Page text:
MONDAY, Oct. 10 | 10am-5pm
An all-day cooking workshop on Thanksgiving Monday!
Back in the spring, The Depanneur reached out to the Syrian newcomer community and has been delighting in the delicious results ever since. Our Newcomer Kitchen project has become something of a local sensation, serving up 50 meals of traditional Syrian home cooking every week.
In that time, many people have expressed tremendous interest in learning some of these fabulous recipes, so for this Thanksgiving Monday, The Dep and Newcomer Kitchen are teaming up to offer a full-day, hands-on workshop delving into a some of our most popular Syrian dishes. The class will be led by Rahaf Al Akbani, one of Newcomer Kitchen’s coordinators, along with 2 of our talented Syrian cooks, and facilitated by The Dep’s Emily Zimmerman.
The class will cover a number of delicious and traditional Syrian recipes, and will include a meze lunch and food to take home.
— Morning —
Mutabal kousa متبل كوسا
Syrian home cooking is notable for its economy and minimal waste. The pulp scooped out of the middle of the zucchinis when they are cored to make Kousa Mahshi is not thrown out, but rather cooked up and combined with tahini and lemon to transform it into a subtle and delicious meze dip akin to baba ganoush.
Kibbeh bel Senia كبة بالصينية
Kibbeh is one of the most quintessential Syrian dishes, made from a thick dough of bulgur (steamed, dried and cracked whole wheat). Many types of kibbeh are individually stuffed, shaped and fried, which can be very labour intensive, but this delicious vegetarian kibbeh is stuffed with a combination of walnuts, potatoes, onions, tomatoes and pomegranate seeds, garnished with pine nuts, baked in a tray like brownies!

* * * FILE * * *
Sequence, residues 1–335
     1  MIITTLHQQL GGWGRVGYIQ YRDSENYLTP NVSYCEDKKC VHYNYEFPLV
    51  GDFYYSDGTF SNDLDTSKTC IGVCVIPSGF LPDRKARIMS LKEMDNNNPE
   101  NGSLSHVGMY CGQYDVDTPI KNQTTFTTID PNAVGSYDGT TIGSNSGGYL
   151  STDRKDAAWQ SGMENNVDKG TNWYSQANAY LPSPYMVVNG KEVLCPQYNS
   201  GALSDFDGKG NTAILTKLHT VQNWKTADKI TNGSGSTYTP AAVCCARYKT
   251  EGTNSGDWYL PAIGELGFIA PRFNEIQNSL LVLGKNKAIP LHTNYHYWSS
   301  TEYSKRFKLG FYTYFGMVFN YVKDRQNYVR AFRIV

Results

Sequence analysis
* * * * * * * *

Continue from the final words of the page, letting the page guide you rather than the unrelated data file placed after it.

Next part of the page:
Salateh Naameh سلطة ناعمة
This essential Mediterranean salad can be found throughout the middle east, with tomatoes, cucumber, and white onion are finely diced and seasoned with olive oil, mint and lemon juice.
Khabaz Saj (خبز الصاج)
A simple fresh flatbread, handmade on the traditional domed oven of the same name.
— Afternoon —
Kousa Mahshi كوسا محشي
Stuffed zucchinis were cherished by the former Ottoman Empire, and they made them popular from the Balkans to the Levant. Most popular are the beautiful, pale green young marrow or summer squash, but regular zucchinis work just fine. They are hollowed out with a special implement called a manakra (an apple corer works well in a pinch), and stuffed with a mix of ground halal beef and rice, or a spiced rice mixture for a vegetarian option.
An classic Syrian dessert, a rich buttery semolina and yogurt cake, garnished with almonds and drizzled with a orange-blossom infused syrup.
Newcomer Kitchen is a new project that invites groups of Syrian refugee women to use our kitchen to cook traditional Syrian dishes in a fun, social setting. Meals are prepared and packaged, and then sold online for pickup or delivery to pay for all the ingredients and provide an honorarium for the cooks. The project now supports over 55 women and has paid out over $16,000 directly into the community in only a few months.
Proceeds from the sale of meals goes directly to the newcomer cooks. However this does not cover the costs of the enormous amount of behind-the-scenes coordination required to keep this project going. You can support the Newcomer Kitchen project directly and our vision of expanding this model to support more women in more neighbourhoods!
Learn more about the Newcomer Kitchen project.
Every Monday, The Depanneur invites TO’s best culinary talents to lead fun, hands-on workshops.